Thomas Hicks, commissioner of the U.S. Election Assistance Commission, said today that EAC has developed a set of voluntary voting system guidelines to aid local election authorities, but the commission currently lacks a quorum to vote on the standards and distribute the guidance to localities.
EAC currently has two active commissioners of a possible four, but requires a quorum of three in order to vote. President Trump has nominated two people to serve on EAC, but there has been no movement in Congress to confirm the nominees.
“I’m hoping the Senate Rules Committee and the Senate come together and vote those two folks up or down relatively soon,” Hicks said today at the Symantec Government Symposium.
Thomas MacLellan, director of policy and government affairs at Symantec, said that a confirmation vote in the Senate “would be a good place to start.”
“It’s not heavy-handed, it’s not dollars, it respects separation of powers, and provides for leadership,” MacLellan said of the potential congressional impact on election security. EAC requires that no more than two commissioners be from the same political party, and the current EAC commissioners are both Democratic appointees of President Obama.
MacLellan indicated the need to “push forward with the development of the standards” that come out of a Federal body like EAC.
EAC also oversees the distribution of election assistance funding to states, another area where it intersects with Congress. Lawmakers appropriated $380 million in election assistance grants to the states in the 2018 omnibus funding bill, with funds distributed to the states beginning in March.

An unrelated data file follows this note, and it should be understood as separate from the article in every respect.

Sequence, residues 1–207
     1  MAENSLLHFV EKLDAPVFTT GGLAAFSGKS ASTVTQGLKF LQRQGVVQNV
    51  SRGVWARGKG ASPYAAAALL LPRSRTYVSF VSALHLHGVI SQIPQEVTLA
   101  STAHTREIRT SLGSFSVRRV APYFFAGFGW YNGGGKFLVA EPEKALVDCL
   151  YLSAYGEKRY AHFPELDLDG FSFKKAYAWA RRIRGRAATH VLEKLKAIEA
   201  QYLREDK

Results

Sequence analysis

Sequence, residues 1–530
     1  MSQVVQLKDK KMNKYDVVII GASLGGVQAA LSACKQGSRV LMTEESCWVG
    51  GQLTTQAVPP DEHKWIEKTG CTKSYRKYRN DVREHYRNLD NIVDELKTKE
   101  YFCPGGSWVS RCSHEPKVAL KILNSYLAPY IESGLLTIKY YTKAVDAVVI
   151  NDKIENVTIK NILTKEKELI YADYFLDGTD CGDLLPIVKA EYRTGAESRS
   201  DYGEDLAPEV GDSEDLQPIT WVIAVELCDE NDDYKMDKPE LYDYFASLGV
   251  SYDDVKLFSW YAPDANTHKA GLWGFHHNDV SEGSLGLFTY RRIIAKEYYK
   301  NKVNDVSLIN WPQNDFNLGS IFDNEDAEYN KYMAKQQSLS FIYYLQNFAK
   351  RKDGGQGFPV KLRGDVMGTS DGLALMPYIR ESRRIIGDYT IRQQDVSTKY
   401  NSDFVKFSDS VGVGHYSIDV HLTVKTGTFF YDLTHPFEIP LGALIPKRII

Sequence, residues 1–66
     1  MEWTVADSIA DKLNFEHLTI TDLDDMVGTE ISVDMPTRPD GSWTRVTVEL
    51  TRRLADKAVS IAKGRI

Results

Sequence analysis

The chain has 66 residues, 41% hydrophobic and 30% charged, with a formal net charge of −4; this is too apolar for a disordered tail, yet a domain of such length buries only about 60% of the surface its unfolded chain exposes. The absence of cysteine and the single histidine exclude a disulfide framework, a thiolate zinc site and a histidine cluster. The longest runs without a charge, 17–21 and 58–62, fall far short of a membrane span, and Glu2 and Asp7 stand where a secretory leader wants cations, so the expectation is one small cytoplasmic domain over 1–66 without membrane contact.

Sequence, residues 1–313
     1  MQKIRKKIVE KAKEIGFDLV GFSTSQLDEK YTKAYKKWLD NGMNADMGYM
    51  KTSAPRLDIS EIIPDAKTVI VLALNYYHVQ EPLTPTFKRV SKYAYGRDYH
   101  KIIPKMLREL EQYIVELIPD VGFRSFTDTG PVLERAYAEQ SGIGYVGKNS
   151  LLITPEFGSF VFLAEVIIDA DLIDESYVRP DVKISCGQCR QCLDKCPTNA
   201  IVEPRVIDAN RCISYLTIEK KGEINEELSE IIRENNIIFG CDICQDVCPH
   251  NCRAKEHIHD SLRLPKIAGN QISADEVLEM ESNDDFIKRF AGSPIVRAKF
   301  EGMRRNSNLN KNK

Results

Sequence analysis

But an equal amount of election assistance funding was zeroed out in preliminary appropriations bills for 2019, with some legislators citing a lack of information about how the 2018 funds were being spent.
Today, Hicks provided more context about where the $380 million in funding went, after it was disbursed to states over a period of roughly 5 months.
He explained that states received funding relative to their population, with each state receiving a minimum of $3 million. Around $134 million was spent on cybersecurity. States “hired cybersecurity experts, or upgraded their software or implemented new cybersecurity defenses,” Hicks said, sharing slides that indicated 41 states had allocated grant funding to cybersecurity.
“A number of states also went towards purchasing new voting equipment. Much of the equipment purchased under the Help America Vote Act of 2002 is coming to the end of its lifecycle,” he added. Just over $100 million in funding went toward voting equipment across 33 states.
Hicks also noted that states have five years – until 2023 – to spend the funds. With uncertainty surrounding future grants, about $54 million in funding was placed in state reserves for later use. “They don’t want to just throw all that money toward fixing things now,” Hicks said, suggesting that the funding could also aid in the 2020 and 2022 elections.
An additional $52 million was spent on voter registration efforts in 30 states, and $20 million on election audits.